Liquidating distributions, sometimes called liquidating dividends, are distributions you receive during a partial or complete liquidation of a corporation. These distributions are, at least in part, one form of a return of capital. They may be paid in one or more installments. You will receive Form 1099-DIV from the corporation showing you the amount of the liquidating distribution in box 8 and/or 9.
Any liquidating distribution you receive is not taxable to you until you have recovered the basis of your stock. After the basis of your stock has been reduced to zero, you must report the liquidating distribution as a capital gain. Whether you report the gain as a long-term or short-term capital gain depends on how long you have held the stock.
If it was a partial liquidation, there is nothing to report on your tax return. You adjust the cost basis of your stock or mutual fund by the amount of the partial liquidation shown in Box 8 and/or Box 9, then when you eventually sell the stock you will use the lowered cost basis as the purchase price of the stock.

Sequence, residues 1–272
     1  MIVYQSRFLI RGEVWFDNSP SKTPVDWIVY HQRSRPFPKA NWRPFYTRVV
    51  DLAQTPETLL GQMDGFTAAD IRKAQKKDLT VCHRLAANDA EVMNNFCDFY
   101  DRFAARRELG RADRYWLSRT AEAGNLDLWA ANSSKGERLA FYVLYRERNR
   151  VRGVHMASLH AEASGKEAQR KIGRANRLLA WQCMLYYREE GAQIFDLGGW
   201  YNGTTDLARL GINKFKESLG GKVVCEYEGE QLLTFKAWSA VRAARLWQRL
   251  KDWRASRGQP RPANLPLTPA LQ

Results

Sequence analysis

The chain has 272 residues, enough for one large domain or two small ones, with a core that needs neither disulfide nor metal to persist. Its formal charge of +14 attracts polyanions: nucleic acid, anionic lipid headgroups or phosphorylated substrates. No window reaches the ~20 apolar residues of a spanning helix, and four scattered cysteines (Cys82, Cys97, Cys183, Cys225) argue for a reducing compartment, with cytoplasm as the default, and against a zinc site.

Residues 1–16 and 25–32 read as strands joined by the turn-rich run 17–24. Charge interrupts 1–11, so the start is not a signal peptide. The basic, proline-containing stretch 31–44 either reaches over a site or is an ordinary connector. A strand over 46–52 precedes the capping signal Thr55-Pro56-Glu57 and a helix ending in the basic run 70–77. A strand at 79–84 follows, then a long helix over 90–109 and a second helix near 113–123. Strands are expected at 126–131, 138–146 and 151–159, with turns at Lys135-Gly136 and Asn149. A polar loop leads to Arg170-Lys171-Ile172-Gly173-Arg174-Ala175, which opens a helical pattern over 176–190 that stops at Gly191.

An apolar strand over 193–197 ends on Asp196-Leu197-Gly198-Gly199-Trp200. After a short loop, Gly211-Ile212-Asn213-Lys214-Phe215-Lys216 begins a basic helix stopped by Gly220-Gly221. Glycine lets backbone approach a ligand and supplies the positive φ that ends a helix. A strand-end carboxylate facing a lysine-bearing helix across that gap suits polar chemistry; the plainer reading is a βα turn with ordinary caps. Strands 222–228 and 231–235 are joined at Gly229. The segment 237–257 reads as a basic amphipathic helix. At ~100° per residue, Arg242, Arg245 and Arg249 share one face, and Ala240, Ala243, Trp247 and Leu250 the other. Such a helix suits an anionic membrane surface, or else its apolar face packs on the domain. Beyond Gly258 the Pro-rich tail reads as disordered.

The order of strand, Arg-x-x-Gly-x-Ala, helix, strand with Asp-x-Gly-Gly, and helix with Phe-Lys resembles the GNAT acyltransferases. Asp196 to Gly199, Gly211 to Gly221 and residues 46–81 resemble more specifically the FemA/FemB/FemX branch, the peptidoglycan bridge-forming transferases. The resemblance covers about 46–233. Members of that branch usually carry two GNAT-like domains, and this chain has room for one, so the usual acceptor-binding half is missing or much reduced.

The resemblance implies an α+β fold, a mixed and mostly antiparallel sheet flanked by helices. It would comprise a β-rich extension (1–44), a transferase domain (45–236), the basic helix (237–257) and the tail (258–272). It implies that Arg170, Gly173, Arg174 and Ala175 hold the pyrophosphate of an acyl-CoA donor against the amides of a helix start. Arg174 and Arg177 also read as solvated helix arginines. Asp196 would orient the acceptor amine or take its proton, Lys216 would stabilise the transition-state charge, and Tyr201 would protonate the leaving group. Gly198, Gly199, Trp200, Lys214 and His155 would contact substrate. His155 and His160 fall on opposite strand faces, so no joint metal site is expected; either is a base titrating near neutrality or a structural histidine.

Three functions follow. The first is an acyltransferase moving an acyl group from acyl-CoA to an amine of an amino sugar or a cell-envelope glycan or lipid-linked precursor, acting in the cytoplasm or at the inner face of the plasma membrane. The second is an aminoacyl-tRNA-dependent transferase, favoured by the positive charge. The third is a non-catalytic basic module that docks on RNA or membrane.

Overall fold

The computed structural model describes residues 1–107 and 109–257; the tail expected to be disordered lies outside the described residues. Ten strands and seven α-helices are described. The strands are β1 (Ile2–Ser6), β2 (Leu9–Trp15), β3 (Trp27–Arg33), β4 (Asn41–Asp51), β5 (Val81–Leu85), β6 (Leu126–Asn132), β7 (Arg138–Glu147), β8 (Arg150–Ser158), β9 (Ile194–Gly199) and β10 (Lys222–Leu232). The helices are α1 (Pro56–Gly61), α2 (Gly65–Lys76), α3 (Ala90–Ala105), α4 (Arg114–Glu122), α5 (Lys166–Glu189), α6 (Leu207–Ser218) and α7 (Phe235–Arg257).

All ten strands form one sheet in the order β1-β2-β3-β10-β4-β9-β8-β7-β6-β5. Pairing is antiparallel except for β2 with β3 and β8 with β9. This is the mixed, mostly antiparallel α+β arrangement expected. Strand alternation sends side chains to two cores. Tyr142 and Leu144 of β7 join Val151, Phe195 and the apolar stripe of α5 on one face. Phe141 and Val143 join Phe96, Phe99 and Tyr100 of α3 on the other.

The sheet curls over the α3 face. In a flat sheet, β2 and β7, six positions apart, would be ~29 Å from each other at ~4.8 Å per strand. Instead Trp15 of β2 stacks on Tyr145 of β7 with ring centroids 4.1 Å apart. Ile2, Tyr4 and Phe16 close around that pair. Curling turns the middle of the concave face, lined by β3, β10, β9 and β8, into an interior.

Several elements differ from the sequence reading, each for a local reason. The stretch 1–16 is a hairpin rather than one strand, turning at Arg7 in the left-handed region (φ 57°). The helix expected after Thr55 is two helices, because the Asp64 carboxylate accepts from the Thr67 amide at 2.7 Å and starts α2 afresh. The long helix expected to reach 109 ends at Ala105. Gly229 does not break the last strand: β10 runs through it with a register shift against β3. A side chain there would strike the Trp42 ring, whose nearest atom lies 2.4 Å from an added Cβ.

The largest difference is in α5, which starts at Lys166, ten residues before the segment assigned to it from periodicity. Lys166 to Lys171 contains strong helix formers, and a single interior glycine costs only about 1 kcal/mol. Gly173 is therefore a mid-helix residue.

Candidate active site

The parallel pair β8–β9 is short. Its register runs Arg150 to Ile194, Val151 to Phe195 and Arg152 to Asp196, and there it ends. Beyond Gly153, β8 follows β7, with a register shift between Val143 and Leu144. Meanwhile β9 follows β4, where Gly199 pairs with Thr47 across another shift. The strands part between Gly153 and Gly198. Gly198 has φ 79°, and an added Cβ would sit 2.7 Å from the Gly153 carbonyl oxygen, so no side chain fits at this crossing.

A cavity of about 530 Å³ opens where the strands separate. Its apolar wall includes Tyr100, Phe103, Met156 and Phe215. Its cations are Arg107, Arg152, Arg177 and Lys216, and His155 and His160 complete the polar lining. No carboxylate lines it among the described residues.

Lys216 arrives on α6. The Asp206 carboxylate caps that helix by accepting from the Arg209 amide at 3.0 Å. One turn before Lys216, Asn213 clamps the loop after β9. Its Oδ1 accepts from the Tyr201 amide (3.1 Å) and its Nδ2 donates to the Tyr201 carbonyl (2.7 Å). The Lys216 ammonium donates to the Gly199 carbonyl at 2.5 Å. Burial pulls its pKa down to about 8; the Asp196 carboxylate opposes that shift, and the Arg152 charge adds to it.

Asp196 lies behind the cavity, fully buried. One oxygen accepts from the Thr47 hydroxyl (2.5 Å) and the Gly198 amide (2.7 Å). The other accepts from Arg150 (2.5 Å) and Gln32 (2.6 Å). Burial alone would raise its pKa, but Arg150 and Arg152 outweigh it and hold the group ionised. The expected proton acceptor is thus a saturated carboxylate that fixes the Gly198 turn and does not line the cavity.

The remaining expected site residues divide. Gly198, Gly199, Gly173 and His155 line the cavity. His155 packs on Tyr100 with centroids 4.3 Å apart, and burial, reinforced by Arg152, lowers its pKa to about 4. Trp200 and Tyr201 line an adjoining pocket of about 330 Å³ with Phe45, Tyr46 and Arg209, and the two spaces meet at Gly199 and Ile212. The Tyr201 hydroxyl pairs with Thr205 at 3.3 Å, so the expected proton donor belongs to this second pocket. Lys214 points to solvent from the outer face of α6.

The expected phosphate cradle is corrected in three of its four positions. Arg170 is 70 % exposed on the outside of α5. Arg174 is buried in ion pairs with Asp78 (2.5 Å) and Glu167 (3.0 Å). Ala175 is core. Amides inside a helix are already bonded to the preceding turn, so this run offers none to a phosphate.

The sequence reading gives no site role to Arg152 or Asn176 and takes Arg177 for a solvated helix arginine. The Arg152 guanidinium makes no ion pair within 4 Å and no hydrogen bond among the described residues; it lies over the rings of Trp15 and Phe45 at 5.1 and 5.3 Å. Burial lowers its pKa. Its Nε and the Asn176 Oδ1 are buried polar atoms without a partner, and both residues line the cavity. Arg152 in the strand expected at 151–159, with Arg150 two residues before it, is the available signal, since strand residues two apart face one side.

If the liquidating distribution shown in Box 8 and/or 9 is a complete liquidation, then report the amount in Box 8 and/or 9 on the stock sale screen as a stock sale. For example, if your cost basis in stock in a company is $1,000 and the company is totally liquidated, then if you receive a 1099-DIV with Box 8 showing $400 and you received nothing else from the liquidation, then you would report the stock as a sale on the stock sale screen and report $400 as the sales price and $1,000 as the cost basis in the stock that was completely liquidated.